Tom Cruise comes home in the 4K treatment from Paramount this week with three remastered titles, a double Tiny Scott feature, Days of Thunder and Top Gun, and the Steven Spielberg 21st century take on the classic tale of War of the Worlds.
Of the three films I was most eager to dig into Top Gun as it had been years since I’d seen it. And I’d held back on purchasing it, as I wanted to make sure I got the best bang for my buck, and without jumping too far ahead, it’s totally worth it.
Of the three films, Days of Thunder comes off the weakest of the collection. Both War of the Worlds comes with a blu-ray copy, but Thunder only comes with the 4k (and digital versions, just like the other two). Released as Scott and Cruise’s follow-up to Top Gun, it basically repurposes the earlier film’s plot and throws it into the world of NASCAR racing. All well and good, but the story is a little uneven, and no matter how good it looks, and it does, the film is sadly lacking any real extras, though I totally dug on the isolated music track. It’s got a fantastic cast including Robert Duvall, Cary Elwes, Nicole Kidman and John C. Reilly and has Scott’s signature visual style.
War features an older Cruise in his second collaboration with Spielberg (the first being the fantastic Minority Report) and brings H.G. Wells classic invasion tale into the 21st century, even honouring the books original ending much to the consternation of film goers and the nitpickers. I was okay with it, it just goes to show how the lowest thing get lay a civilisation low (looks around nervously).
The extras on Worlds are all fantastically compiled from the earlier DVD and blu-ray releases, and there were a couple I hadn’t seen before, and I jam on behind the scenes features, which of course paid off brilliantly as I threw in the disc of Top Gun.
If you hadn’t read my review of Top Gun back when I was working my way through 101 Action Movies, then I’ll give you the broad strokes. Short of seeing Top Gun in an airplane hanger, I saw it in the next best place, a theatre on a Naval Air Base. I was growing up in Bermuda, and there were two American stations there, one was close to us, and the theatre there screened Top Gun was released.
I kid you not, the theatre was standing room only. There were people sitting and standing everywhere. Naval aviators, navy crew were everywhere. Me and a few of my friends were the youngest people there, and the testosterone, the sheer enthusiasm and excitement that permeated that screening has never been equalled for me anywhere.
I was sat on the iron grate stairs that led to the projection booth, my feet dangling over the side, my arms crossed and resting on one of the cross bars as cheers, and enthusiastic calls filled the theatre from the very opening of the film.
Moments in, someone jeered the screen when Maverick (Cruise) and his RIO Goose (Anthony Edwards) tangle with a MiG – “That’s not a MiG, that’s an F-5!” But that didn’t stop their foot-stomping, flag-waving joy for the F-14 Tomcats throwing themselves into the air.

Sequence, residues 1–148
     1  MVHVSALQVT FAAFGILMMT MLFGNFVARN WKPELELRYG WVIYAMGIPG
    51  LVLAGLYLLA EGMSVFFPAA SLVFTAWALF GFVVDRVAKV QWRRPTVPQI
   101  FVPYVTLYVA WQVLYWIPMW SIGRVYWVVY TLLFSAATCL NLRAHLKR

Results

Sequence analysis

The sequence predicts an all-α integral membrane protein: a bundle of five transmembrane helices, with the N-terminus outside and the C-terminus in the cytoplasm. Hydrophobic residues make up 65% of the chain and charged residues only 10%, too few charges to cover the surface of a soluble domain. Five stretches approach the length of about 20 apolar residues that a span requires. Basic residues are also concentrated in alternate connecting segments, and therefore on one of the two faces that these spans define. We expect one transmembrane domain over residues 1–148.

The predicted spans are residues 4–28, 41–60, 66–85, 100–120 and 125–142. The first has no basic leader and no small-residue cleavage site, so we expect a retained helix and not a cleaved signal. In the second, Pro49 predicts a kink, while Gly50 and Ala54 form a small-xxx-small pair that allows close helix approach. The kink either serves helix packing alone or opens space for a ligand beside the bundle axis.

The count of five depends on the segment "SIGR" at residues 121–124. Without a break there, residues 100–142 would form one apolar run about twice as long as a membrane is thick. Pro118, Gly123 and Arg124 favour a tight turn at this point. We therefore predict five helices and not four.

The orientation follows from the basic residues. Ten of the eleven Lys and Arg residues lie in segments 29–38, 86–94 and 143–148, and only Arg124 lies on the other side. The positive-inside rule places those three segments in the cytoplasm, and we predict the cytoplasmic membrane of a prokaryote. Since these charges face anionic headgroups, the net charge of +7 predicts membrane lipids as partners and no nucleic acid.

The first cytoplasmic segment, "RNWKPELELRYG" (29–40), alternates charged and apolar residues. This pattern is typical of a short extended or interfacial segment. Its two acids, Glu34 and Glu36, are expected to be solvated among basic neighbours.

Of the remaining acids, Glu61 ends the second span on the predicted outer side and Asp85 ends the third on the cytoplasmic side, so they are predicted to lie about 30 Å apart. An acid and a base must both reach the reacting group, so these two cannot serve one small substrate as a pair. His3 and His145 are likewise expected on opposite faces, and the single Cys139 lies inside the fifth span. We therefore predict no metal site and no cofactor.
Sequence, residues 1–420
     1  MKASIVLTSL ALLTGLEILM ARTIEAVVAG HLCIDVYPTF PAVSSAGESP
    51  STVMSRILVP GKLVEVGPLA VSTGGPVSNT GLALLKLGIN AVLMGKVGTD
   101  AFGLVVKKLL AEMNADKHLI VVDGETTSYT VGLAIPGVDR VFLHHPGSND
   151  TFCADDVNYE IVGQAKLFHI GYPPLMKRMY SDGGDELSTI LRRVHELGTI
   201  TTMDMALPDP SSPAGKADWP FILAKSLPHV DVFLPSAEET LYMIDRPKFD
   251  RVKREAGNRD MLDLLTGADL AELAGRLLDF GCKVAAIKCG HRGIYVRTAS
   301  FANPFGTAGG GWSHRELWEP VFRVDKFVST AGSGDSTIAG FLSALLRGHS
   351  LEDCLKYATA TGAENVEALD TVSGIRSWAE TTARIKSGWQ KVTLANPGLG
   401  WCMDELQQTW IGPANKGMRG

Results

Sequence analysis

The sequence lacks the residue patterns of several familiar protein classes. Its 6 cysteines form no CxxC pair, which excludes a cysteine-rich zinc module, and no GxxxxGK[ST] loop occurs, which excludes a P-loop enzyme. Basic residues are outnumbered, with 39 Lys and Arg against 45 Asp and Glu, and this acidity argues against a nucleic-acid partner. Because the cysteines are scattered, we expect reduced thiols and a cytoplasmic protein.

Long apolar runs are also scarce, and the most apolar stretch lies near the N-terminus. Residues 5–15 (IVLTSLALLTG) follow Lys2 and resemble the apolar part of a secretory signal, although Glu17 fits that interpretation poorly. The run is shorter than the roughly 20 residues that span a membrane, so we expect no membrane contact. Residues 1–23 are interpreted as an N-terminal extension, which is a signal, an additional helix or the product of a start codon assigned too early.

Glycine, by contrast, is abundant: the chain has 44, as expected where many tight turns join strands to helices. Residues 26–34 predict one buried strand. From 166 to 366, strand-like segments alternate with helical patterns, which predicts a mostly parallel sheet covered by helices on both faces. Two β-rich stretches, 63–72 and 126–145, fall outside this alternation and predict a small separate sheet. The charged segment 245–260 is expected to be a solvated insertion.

We marvelled (and I still do) at the stunning aerial photography, the sheer beauty of the Scott’s saturated colours and film gradients, that layer out the film. The audience was loud, raucous, and cheered as the climax of the film gave us an intensely paced, fantastically shot dogfight sequence.
Honestly, if they hadn’t already signed up for service I’m sure the entire theatre would have marched into a recruiting office and joined up then and there.
It was an amazing watch, and consequently the film has become incredibly important, and nostalgic for me… and of course, that soundtrack… That cassette got played so much as I raced around the island on my moped.
So when I was going to add the film to my collection (finally) it had to be the right time, it had to have all the extras I didn’t know I wanted, and those I did.
The Top Gun 4K delivers. The picture, the sound, and those extras. There’s an all new half hour feature that looks back on the legacy of the film, has numerous moments with Cruise who shares reflections and stories from the set, and talking head interviews with members of the cast of the upcoming sequel Top Gun: Maverick, which seems to boast as much stunning aerial photography as the first film.
There are music videos, storyboards, original promotional material, and the previously released 2004 extra (but I hadn’t seen it, cause I hadn’t bought a copy yet) of a feature length (two and a half hours) documentary about every aspect of the making of the film… Umm, yes please!
These three movies are still incredibly entertaining, and capture Cruise at different points in his career, but of the three, Top Gun is the one you need to make sure you add to your collection.
Days of Thunder, War of the Worlds, and Top Gun in 4k are available today from Paramount Canada. Check them out!!